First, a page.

Manifesting a Japanese Ghost Story in Ikai
You can probably say it’s almost October. When games like The mortuary assistant, Cursed at golfand I’m on observation duty 5 start showing up on GiN’s homepage, then you’ll know it’s getting closer to that spooky time of year. Ikai fits perfectly with them.
Ikai is a first-person horror game centered on Japanese folklore. You play as Naoko, a young girl who is left alone in a village while her uncle goes to another nearby village. The story begins innocently enough. You clean the shrine and do the laundry before nightfall. However, traveling outside the village walls to the nearby river, you come across a knife and a bowl. While picking up the knife, you accidentally cut yourself and passed out. When you wake up, you realize that something has gone terribly wrong. There are monsters now because they kind of woke up.
The rest of the game is spent solving puzzles and writing sigils to destroy evil creatures. A twist at the end reveals why these creatures are attacking you and what you need to do to stop them.
I was not a big fan of Ikai. Although horror games aren’t really my thing (I always think I’ll like it, and then the first scary thing happens and I walk out), my husband, Neal, has revisited dozens of them over the years. He was not a big fan of Ikai That is. I say this to prove that my adversity at horror games is not the reason I dislike Ikai. And even though I don’t like horror, I’m a big fan of folklore. I was excited about Ikai due to its focus on Japanese folklore, but the game does more to say than show.
Encyclopedia-like pages of information on different monsters are spread throughout the game, but the only time you encounter these creatures are jump scares, so you barely get to experience the folklore itself. same. There are a few creatures stalking you that you need to hide from, but the majority of the horror comes simply from jump scares.
The only time I felt like the horror was done right was at the beginning, when you had to seal the evil inside a mask. The cupboard containing the mask emits hurried, overlapping whispers as you approach. When you pick up the porcelain mask, the inside of it shakes and is enveloped in a black coating. There’s another little bit towards the end where you’re trapped in a room. The table is thrown violently towards you, and a lamppost begins to spin widely as there is a thud at the door. I wish the game leaned into more moments like this than cheap jumps.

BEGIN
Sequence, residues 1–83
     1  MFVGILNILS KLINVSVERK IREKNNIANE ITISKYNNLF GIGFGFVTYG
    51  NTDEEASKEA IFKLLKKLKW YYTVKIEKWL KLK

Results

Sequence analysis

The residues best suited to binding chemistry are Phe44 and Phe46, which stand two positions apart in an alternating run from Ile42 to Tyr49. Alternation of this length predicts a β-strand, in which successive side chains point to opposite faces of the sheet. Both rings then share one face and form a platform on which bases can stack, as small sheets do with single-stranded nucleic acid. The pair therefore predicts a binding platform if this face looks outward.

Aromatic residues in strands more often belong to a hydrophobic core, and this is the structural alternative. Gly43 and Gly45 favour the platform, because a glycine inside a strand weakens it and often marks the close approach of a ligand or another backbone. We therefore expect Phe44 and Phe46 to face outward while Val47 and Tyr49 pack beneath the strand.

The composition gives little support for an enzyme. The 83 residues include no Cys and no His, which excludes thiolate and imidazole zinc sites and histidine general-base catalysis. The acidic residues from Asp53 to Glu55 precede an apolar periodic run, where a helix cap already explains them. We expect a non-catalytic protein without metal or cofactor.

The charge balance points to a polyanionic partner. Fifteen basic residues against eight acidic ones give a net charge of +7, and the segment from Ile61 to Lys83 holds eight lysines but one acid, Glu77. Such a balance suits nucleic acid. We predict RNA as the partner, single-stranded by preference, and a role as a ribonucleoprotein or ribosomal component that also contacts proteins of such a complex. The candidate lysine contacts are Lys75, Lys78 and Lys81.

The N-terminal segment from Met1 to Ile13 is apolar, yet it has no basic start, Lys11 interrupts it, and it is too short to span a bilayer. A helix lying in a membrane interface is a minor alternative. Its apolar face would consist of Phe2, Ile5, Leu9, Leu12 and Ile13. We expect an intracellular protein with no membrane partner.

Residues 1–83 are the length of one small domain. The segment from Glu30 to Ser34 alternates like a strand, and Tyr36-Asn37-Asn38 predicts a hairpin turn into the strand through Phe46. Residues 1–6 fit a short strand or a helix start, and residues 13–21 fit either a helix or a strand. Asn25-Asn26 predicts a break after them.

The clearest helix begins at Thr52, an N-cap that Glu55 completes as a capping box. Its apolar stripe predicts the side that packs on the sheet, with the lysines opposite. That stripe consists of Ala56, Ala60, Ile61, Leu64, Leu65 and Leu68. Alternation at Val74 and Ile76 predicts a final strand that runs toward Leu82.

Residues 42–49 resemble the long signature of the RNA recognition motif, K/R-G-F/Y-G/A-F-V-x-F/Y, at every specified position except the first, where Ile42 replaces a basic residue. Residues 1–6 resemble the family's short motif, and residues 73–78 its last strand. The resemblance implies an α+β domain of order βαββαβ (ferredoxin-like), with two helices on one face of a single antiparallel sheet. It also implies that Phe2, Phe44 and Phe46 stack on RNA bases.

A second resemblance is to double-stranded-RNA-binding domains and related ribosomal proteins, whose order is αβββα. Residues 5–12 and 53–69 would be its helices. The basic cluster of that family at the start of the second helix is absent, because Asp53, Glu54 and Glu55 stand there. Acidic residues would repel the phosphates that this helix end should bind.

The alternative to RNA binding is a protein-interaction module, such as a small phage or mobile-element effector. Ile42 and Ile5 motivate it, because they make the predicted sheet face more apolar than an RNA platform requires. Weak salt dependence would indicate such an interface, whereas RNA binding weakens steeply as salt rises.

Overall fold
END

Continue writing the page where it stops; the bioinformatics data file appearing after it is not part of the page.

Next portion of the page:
The majority of gameplay involves running and hiding from monsters, solving puzzles, and writing seals. Ikai is also brief in duration. Many players are able to complete the game in about an hour. I think there are only four puzzles in the whole game. The puzzles are not really difficult, but they are confusing. The two puzzles at the end seem to be solved by brute force or trial and error. Sigil writing can be tricky at times, especially with the threat of a monster jumping at you, but after the first half dozen times it just becomes an annoying inconvenience. Between its brevity and the absence of real challenges, Ikai really isn’t that fun, and there’s virtually no replay value.
The only reason I held on was because I was curious about the plot, but that quickly turned into a disappointment as well. The story takes place in one night in an abandoned village. I say village, but it looks like only Kaoko and her uncle lived there. The plot is mostly conveyed by Naoko’s clumsy narration. Some of what Naoko says doesn’t even make sense, and she often alludes to something but doesn’t go into other explanations, so you wonder why she even said anything.
I don’t want to spoil the ending, but let’s just say that the majority of the plot is revealed in two big letters towards the end of the game. I also didn’t find the plot conclusion satisfying at all. Naoko’s solution to the monster problem was most likely deeply rooted in the feudal Japanese culture the game is set in, but even so it wasn’t properly conveyed. I can’t speak to current Japanese culture, but from a Western perspective, the solution was a bit disappointing.
The graphics are just meh. They’re pretty standard, but everything is dark and muted. The monster designs are creative, if a little cartoonish at times, but you really only get a glimpse of them when they come to rip your heart out. The sound on the other hand is really good. The floors creak constantly and far too loudly, and you can often hear scratching and scampering nearby. The sound effects do a good job of keeping you going as you navigate the many halls and halls of the village.
Globally, Ikai gains 2.5 out of 5 GiN gems. He has a lot of potential, but sadly falls flat with his execution. With the brevity of this title, the jerky and convoluted plot and the lack of true horror, Ikai leaves a lot to be desired.